Volume 34, Issue 4, Fall 2015

The Other Batman

A satiric newspaper article that fueled an incredible hoax


man-bats
Fantastical images of “man-bats” were published with Richard Adams
Locke’s satire, but many readers were not in on the joke.
Credit: Smithsonian Biodiversity Heritage Library

Well before Bruce Wayne started zipping up his Batman suit in 1939, the “man-bat” was already popping up in Western dialogue.

It started with a telescope. In 1834, British astronomer John Hershel owned the largest of its kind, measuring an impressive 20 feet in length. Equipped with his telescope and curiosity, Hershel dedicated many of his nights to the South African sky, writing scientific reports based on his findings.

But at the hands of Richard Adams Locke, Hershel’s factual reports quickly morphed into fantasy. In August of 1835, Locke published several stories in The New York Sun claiming Hershel had made a life-changing discovery—indeed, that life itself had made it to the moon. According to Locke, animals of all varieties could be found dotting the moon’s hidden meadows—cranes, oxen, even blue goats. But nothing proved more impressive than the man-like creature adorned with robust bat wings. Dubbed Vespertilio homo, or “man-bat,” the creature was a walking—and flying—fantasy, a myth made real.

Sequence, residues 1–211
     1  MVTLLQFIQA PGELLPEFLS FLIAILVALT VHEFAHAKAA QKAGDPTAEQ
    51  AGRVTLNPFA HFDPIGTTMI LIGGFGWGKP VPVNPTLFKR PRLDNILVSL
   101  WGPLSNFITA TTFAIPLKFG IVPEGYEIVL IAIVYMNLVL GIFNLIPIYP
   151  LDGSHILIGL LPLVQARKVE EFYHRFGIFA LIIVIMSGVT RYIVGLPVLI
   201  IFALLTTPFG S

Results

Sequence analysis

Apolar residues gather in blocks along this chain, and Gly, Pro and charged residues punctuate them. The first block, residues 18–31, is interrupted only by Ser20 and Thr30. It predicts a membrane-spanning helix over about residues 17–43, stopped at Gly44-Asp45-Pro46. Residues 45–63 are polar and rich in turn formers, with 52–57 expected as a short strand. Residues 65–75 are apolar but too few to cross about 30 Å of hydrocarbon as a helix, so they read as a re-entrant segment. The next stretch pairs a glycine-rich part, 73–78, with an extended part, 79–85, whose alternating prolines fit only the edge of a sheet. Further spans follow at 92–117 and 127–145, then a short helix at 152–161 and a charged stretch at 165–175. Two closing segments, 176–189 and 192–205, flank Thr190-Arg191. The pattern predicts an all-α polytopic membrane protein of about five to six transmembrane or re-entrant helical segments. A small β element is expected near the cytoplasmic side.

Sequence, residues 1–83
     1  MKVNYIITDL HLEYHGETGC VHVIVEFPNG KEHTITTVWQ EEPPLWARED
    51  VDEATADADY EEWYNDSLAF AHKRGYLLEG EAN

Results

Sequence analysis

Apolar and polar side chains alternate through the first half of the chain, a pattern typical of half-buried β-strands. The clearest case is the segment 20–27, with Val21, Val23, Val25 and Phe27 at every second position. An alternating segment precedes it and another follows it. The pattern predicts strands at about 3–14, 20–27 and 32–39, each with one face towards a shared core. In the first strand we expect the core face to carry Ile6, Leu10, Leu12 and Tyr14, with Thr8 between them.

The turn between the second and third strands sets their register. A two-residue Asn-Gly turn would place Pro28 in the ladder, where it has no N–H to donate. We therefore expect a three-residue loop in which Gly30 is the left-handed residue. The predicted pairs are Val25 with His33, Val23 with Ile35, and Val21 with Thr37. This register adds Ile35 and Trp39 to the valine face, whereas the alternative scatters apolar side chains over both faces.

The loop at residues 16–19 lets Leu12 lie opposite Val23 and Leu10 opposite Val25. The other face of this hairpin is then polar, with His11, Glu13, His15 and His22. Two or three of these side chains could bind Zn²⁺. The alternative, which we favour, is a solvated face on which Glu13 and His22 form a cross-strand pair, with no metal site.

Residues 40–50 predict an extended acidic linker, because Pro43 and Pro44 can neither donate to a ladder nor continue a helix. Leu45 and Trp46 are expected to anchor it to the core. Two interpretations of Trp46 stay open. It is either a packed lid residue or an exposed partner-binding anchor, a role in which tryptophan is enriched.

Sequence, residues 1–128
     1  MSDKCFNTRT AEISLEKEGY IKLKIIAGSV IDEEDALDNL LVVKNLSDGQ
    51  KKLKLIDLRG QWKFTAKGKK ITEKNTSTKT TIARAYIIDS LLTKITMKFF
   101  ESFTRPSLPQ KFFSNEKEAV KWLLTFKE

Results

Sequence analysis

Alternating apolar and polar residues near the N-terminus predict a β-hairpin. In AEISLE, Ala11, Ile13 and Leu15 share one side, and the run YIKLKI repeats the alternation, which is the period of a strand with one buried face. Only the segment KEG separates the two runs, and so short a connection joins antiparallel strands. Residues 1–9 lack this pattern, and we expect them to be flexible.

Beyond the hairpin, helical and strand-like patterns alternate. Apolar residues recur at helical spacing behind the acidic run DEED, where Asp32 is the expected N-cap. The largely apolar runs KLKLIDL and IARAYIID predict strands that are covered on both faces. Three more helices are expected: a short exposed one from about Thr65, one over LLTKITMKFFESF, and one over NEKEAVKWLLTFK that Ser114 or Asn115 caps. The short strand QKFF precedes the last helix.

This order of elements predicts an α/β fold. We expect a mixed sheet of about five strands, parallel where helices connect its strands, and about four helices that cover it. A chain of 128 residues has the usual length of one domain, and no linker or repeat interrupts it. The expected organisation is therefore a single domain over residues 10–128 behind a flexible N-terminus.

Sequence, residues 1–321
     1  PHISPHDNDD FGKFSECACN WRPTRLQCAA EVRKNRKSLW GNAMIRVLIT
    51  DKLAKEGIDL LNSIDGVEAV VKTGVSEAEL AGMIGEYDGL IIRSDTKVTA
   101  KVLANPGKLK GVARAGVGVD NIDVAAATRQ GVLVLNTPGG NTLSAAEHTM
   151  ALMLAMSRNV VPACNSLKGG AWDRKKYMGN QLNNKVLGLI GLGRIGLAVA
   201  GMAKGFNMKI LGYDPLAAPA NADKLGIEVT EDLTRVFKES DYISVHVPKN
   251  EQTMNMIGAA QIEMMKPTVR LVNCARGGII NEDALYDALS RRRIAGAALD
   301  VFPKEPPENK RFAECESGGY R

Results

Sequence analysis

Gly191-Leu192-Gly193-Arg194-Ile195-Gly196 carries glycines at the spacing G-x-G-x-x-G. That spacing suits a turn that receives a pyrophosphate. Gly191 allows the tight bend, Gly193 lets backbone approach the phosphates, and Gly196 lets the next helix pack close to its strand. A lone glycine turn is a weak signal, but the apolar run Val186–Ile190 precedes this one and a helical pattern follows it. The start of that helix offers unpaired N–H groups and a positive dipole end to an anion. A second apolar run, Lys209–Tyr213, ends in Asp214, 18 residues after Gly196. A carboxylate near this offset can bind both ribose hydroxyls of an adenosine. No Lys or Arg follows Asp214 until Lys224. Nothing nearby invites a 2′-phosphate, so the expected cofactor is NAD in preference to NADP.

Though written for the purpose of ridiculing some of the more extravagant astronomical theories of the day, Locke’s satirical series quickly gained traction. The hoax voyaged across oceans and continents, and helped launched The Sun as the most well-known newspaper in the world. The story became so widespread that The Sun’s owner forbade Locke from retracting the story. Instead, fantastical images were published alongside the print, feeding the public’s hunger for more on this intriguing “discovery” and perpetuating the myth further.  

man-bats
Credit: Smithsonian Biodiversity Heritage Library

 

 

 

GO SCI-FI

You can find out more about this and other imaginative tales, plus the scientific discoveries that inspired them, in the Fantastic Worlds exhibition at the Smithsonian National Museum of American History. To plan a visit, head to americanhistory.si.edu.
 

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